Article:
Another wave of restrictions is set to add new pressures to the ailing restaurant industry, leaving many business owners who managed through the first wave wondering if they can survive a second.

The federal government plans to roll out measures such as extending the wage subsidy until next summer and reformatting a commercial rent assistance program through Bill C-9. Finance Minister Chrystia Freeland was in the hot seat on Thursday’s Senate Finance Committee to answer questions from senators on the new relief measures for small business owners who have been demanding answers.

But for restaurateurs like Arron Barberian, relief can’t come quickly enough for Barberian’s Steak House, which has been a fixture of Toronto's dining scene since his father opened the venue in 1959.

Contrary to many voices in the industry, Barberian said the lockdowns should have been more strict to tackle the problem. “The first wave of this was, call it an act of God or something, beyond human control,” Barberian told BNN Bloomberg. “But the second wave that we’re in is a man-made disaster.”

Barberian added that the government needs to do more to take care of the hospitality space now that they’ve mandated extended restrictions, including tax breaks and forgiving operational costs. “They basically confiscated our industry.”

During the pandemic, Barberian’s Steak House pivoted to a take-out meat business, only to be hit with an HST audit from the Canada Revenue Agency. This adds to the list of problems faced by restauranteurs. “The bills keep on coming in, the landlords, they deserve their money… all the suppliers deserve their money, my employees deserve to be paid.”

Businesses are just not prepared for a second wave lockdown: Dan Kelly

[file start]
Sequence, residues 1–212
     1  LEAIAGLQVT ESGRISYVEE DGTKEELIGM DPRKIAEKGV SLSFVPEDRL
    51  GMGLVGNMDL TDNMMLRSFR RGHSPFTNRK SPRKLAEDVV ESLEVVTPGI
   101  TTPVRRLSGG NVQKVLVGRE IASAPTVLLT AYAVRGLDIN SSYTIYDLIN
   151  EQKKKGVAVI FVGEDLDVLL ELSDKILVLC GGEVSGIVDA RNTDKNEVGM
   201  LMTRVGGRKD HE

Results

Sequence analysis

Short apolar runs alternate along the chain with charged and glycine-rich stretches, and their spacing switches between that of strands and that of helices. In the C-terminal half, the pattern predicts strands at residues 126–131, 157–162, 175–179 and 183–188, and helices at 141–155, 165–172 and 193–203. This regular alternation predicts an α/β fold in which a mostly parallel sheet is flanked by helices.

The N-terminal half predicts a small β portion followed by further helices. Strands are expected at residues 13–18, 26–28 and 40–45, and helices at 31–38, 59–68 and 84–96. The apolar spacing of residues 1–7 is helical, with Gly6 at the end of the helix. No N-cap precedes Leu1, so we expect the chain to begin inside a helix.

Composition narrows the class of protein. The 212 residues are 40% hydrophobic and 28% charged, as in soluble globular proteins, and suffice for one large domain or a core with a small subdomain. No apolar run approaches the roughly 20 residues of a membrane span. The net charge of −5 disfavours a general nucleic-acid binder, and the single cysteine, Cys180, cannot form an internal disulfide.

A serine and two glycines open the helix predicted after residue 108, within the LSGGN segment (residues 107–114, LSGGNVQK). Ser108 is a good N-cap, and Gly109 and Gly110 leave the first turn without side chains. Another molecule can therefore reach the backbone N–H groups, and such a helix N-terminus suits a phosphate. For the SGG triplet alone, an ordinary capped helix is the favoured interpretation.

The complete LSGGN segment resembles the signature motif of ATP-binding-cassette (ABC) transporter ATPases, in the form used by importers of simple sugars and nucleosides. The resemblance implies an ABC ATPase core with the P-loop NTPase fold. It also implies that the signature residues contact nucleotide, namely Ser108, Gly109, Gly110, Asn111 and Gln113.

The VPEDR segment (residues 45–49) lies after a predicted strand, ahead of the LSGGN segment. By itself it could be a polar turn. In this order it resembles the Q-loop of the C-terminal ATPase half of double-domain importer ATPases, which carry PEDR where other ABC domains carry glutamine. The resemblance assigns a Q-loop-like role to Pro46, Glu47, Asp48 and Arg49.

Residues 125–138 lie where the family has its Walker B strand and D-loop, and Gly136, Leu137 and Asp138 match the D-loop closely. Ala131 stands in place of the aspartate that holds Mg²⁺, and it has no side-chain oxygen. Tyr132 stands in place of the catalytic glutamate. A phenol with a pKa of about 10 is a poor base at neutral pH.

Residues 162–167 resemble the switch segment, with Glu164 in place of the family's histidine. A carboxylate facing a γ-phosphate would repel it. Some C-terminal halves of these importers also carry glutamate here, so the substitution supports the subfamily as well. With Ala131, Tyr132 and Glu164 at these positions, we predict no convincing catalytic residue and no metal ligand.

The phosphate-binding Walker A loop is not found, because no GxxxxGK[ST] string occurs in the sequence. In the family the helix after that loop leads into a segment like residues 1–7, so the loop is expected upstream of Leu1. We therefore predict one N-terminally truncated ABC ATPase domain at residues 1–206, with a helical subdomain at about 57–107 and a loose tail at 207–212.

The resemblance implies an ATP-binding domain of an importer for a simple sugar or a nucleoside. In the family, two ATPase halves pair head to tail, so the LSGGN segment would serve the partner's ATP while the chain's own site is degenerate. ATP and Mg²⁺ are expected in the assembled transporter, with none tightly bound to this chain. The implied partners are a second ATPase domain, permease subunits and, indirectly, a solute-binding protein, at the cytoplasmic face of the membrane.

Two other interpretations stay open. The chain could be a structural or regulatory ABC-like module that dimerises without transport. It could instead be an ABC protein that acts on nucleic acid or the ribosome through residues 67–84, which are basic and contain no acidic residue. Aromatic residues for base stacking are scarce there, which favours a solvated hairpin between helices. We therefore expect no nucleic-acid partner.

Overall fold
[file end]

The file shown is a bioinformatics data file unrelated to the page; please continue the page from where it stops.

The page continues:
Dan Kelly, president and CEO of CFIB, joins BNN Bloomberg to discuss the challenges ahead of small businesses as provinces across Canada enter a second lockdown. He notes one in seven small businesses will close permanently due to these measures.

The costs weighed heavily on the King Street Company Inc., the owner of restaurants like Buca and Jacob’s & Co. Steakhouse, which sought creditor protection earlier this week amid steep financial damages stemming from pandemic restrictions. The announcement came as a sudden shock to a company that was planning expansions in its restaurant portfolio before the pandemic struck.

“The failures are happening rapidly now,” Barberian explained, adding that these closures come with a tragic toll taken on the owners running them, causing the end of many family businesses.

Dan Kelly, president of the Canadian Federation of Independent Business (CFIB) told BNN Bloomberg on Wednesday that as many as 225,000 small businesses, roughly one in seven, could close forever. 

“Businesses are just not prepared for this because the supports aren’t in place from the government still,” Kelly said. “We’re about eight months into the pandemic and most of the government support programs are working imperfectly or are just not there at all.”

Royce Mendes, senior economist at CIBC World Markets, told BNN Bloomberg in a phone interview that for every consumer dollar spent in restaurants and other service sectors, there is less money leaking out of the Canadian economy, compared to dollars spent on imported goods. 

“The longer you can keep those dollars within the economy, the more [gross domestic product] you’re going to get,” Mendes said. “Having [government support] targeted so that more of those dollars stay within Canada would increase the multiplier effect of those dollars.”

Erik Joyal, the president of Ascari Hospitality Group which has four restaurants in Toronto, said targeted support for the hospitality industry is needed immediately. Despite the government making aid for small businesses and restaurants a priority in October’s Throne Speech, many owners have yet to see any relief. Joyal says these measures need to be expedited quickly.

“Time is running out on a lot of businesses,” he said.​